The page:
All thoughts of recovery, inflation and monetary policy tightening were put to one side this week, as investors were rudely reminded that we remain in a global pandemic. The emergence of the Covid mutation B.1.1.529, first identified in Botswana, had governments racing to introduce travel restrictions, with Israel and the UK amongst the first to stop incoming flights from a number of southern African countries.
The concern is that this new variant, in the space of less than two weeks, now dominates all new infections in South Africa, with the effectiveness of vaccines presently unknown. The R value, or the effective transmission rate, is currently at 2 where it was first identified in South Africa, with anything above 1 indicating exponential growth.
As of 12pm on Friday, London time, European equities were down 3.5% over the week, having already fallen prior to Friday due to several European countries reintroducing restrictions to combat rising Covid cases. UK equities lost 1.9% over the week, having suffered a fall of 2.7% on Friday.
Japanese stocks fell 2.9% over the week, whilst the Australian market dropped 1.6%. Emerging markets fell 1.1%, however, many markets do not open until the afternoon London time. Amongst those whose time zone had opened in the morning, India was down 4.2%, whilst Hong Kong stocks fell 3.9%. Similarly, the US stock market has yet to open on Friday, having recorded returns of 0.1% for the week to Thursday’s close. Whilst US technology stocks were down 1.3%, but this reflects rising expectations of monetary policy tightening in the US, rather than concerns over the new Covid variant.
Prior to Friday, the latest data for the US Federal Reserve’s (Fed) preferred measure of inflation was released for the year to October, with the core PCE index (Personal Consumption Expenditure, excluding food and energy) coming in a 4.1%, higher than the previous month’s recording of 3.7%, and the highest level in three decades. However, the market flipped from concerns over inflation and tightening monetary policy, towards fears of further lockdowns by Friday.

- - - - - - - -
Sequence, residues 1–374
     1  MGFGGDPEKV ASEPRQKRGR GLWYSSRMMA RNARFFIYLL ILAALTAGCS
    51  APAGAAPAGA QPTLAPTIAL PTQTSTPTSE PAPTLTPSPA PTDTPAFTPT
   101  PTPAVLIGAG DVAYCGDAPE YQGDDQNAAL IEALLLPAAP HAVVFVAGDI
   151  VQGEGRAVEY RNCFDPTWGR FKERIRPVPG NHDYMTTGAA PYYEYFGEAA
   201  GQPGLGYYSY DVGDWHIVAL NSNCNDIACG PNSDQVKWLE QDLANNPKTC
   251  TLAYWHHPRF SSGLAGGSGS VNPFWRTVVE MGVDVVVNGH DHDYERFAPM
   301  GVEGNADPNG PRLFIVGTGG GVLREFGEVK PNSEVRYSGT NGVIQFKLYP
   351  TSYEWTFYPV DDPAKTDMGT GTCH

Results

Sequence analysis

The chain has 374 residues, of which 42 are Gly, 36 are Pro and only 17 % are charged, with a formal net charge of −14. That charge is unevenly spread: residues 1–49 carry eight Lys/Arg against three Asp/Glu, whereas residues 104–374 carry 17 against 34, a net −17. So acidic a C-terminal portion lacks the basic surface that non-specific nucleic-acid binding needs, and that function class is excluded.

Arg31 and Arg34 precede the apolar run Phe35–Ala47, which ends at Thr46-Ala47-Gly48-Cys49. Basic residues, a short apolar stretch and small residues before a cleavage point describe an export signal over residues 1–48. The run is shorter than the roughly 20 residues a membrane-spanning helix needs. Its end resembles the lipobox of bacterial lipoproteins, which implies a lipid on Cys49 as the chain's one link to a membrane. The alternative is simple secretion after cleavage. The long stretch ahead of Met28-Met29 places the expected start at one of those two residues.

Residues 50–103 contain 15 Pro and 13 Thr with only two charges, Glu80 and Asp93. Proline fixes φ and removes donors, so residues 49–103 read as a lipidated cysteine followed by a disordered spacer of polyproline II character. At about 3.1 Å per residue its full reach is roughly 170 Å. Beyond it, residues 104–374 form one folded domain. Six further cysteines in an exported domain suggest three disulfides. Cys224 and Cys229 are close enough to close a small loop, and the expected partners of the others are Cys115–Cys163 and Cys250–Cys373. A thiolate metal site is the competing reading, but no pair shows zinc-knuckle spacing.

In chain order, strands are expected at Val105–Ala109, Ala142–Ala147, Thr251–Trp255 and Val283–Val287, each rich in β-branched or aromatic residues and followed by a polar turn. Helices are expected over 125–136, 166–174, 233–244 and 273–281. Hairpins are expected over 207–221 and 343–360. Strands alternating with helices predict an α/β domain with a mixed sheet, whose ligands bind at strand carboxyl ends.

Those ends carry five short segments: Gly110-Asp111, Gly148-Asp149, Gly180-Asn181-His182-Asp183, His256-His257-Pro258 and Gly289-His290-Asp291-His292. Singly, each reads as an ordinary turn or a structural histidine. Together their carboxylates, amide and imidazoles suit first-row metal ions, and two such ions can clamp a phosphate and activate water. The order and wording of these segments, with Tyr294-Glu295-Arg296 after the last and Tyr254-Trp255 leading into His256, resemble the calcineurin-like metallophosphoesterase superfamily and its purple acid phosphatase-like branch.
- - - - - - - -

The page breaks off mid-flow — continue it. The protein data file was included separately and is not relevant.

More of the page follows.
Government bonds, which had been selling off earlier in the week, rallied. 10-year US Treasury yields, having touched a high of 1.68% intraweek, were back down at 1.52% on Friday. It was a similar story elsewhere. German bunds, having climbed to a yield of -0.21%, fell to -0.32% whilst UK Gilts, which had risen to 1.04% on Wednesday, were back down to 0.85% by Friday.
Gold rallied on Friday, after selling off earlier on in the week on the back of various Fed officials pointing towards a faster reduction in the bond-buying programme in the face of rising inflation. Having hit a low point of $1,780 intraweek, it is now trading at $1,814 an ounce, although this still represents a loss of just over 2% for the week.
Crude oil also fell sharply, with Brent crude now trading at $77.5 a barrel, having almost touched $83 mid-week. Similarly, US WTI (West Texas Intermediate) is trading back down at $73.1, having peaked at slightly over $79 on Wednesday.
Since the pandemic began, Covid mutations have always been a key risk for the global economy. Those stocks most at risk from economic lockdowns are likely to take the most pain once again whilst vaccine efficacy against this new variant is established. Travel stocks, amongst many others, being the most obviously at risk. However, we must not lose sight of how effective the vaccination effort has been to date, both in terms of efficacy and speed of delivery.
Further to this, companies such as Astra Zeneca and Pfizer have repeatedly said that should a mutation arise that evades vaccines, it would not be that difficult or long-winded to reformulate vaccines against new variants. Therefore, although we can not rule out further lockdowns, we can be reasonably confident that the length of any future restrictions and the economic damage would be commensurably less than that experienced during 2020. Markets often overreact, both to the downside as well as the upside, and we will be mindful of opportunities that this period may produce.
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